Palmieri and Lynch find simpatico rhythm in Latin jazz
Eddie Palmieri may be on his 75th-birthday tour, but the musician like his music still exudes youthful energy. "I was taught that after 50, you start counting by one again, so I'm going to be turning 26 on my next birthday," he joked.
With high spirits and high energy, the Latin jazz musician will be teaming up with trumpeter Brian Lynch for a performance with the JazzSLC series at the Capitol Theatre on Saturday.
Lynch said he's been playing with Palmieri "forever" actually 25 years although in the beginning it was as a member of his salsa orchestra. "Now our relationship in this jazz quartet is more of a co-leader one, although I'm still very much the junior partner," he said.
Palmieri agreed. "Brian Lynch has been with me two centuries. He looks great for being 200 years old. He's just an incredible musician a great trumpet player."
Lynch and Palmieri's teamwork received formal recognition when their CD "Simpatico" won a 2006 Grammy in the Latin Jazz category. Lynch is known for being strongly rooted in straight-ahead jazz, but he's also firmly entrenched in the Latin scene, said local jazz musician Jay Lawrence, who teaches jazz classes at local universities. "He's just a strong, high-note trumpet player with great jazz chops."
For the upcoming concert, both musicians will play in a quartet that includes drummer Dafnis Prieto and bassist Boris Kozlov. "These are great, great musicians," Palmieri said. "When I talk to you about great, they are great."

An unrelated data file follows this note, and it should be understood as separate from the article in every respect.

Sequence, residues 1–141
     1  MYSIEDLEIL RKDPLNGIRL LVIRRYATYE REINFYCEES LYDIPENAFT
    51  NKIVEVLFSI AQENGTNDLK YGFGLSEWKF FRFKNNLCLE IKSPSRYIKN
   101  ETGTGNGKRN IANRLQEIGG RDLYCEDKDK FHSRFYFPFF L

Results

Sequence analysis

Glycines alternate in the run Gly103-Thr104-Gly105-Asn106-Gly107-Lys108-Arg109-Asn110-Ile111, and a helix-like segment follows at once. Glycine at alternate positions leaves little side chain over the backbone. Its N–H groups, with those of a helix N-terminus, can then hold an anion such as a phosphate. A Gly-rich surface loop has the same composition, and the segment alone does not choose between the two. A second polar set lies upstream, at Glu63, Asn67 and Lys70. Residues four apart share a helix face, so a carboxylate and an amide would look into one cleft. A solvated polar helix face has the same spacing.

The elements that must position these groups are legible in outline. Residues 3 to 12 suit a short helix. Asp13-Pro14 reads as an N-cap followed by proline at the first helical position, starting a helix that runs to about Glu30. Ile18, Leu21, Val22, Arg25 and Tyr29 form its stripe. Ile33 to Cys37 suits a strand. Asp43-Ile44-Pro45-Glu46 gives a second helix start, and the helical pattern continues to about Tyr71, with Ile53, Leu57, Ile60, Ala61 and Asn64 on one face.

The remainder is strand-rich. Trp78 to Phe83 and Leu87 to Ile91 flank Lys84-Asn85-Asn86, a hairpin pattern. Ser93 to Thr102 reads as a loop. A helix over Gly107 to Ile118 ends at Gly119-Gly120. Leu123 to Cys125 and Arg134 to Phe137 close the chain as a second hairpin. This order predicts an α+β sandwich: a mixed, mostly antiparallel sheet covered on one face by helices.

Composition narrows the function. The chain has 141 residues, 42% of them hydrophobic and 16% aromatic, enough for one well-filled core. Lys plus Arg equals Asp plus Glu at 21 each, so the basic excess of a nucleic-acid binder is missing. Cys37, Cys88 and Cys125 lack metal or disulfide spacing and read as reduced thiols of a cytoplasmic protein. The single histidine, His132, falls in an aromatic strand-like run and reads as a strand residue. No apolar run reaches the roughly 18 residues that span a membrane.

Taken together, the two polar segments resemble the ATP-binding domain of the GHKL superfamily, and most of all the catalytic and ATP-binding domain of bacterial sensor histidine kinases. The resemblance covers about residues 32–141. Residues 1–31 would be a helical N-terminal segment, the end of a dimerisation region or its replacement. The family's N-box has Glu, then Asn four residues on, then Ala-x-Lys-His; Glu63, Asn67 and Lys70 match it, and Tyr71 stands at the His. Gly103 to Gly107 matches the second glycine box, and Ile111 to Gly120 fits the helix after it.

Lawrence labeled Prieto as one of the country's best drummers, "primarily because he can do everything, but he's especially gifted in the Afro-Cuban tradition."
Palmieri thinks the chemistry of the musicians makes the music better. "The variations that we do melodically and the variations that we do rhythmically are quite interesting and we're certainly going to excite you by listening to us."
While Palmieri and Lynch might be "simpatico" together, the bulk of their careers have been built as independent artists.
Palmieri was recently named the 2013 National Endowments for the Arts Jazz Master, the recognition coming after a lifetime of achievement. He is best known for blending sophisticated jazz influences like Thelonious Monk, Herbie Hancock and McCoy Tyner into a solid Puerto Rican Latin Jazz base.
He has released 36 albums and won nine Grammys. "I have a nephew that says 'Uncle, you need one more for the other thumb,' " Palmieri quipped. His first Grammy, for "The Sun of Latin Music," was groundbreaking, as it was the first time the National Academy of Recording Arts and Sciences recognized Latin music as a genre. And his composition "AzÃºcar Pa' TÃ" has been recorded with the National Recording Registry of the United States Library of Congress.
Despite his career track record, Palmieri continues to seek new projects, such as "Doin' in the Park," a soundtrack for a documentary about street basketball that will be released next year. He said the unique rhythm section offered an exciting, but very different approach to Latin jazz, which he considers "the fusion of the 21st century."
And, of course, he maintains a touring schedule that crisscrosses the globe and would exhaust a man half his age.
Lynch has been a part of that touring schedule this year and in years past.
It's a tricky balancing act for Lynch, who works a day job as an assistant professor at the University of Miami's Frost School of Music, where he teaches jazz trumpet. But he considers juggling teaching and performing worth it.
His most meaningful achievements, he said, have been playing with some of the jazz greats Art Blakey, Benny Golson, Horace Silver, Charles McPherson and, of course, Eddie Palmieri.
Eddie Palmieri and Brian Lynch Latin Band
JazzSLC brings Latin Jazz greats to heat up the holidays.
When • Saturday, Dec. 8, 7:30 p.m.
Where • Capitol Theatre, 50 W. 200 South, Salt Lake City
Tickets • $28, students $10; at http://www.arttix.org or 801-355-ARTS
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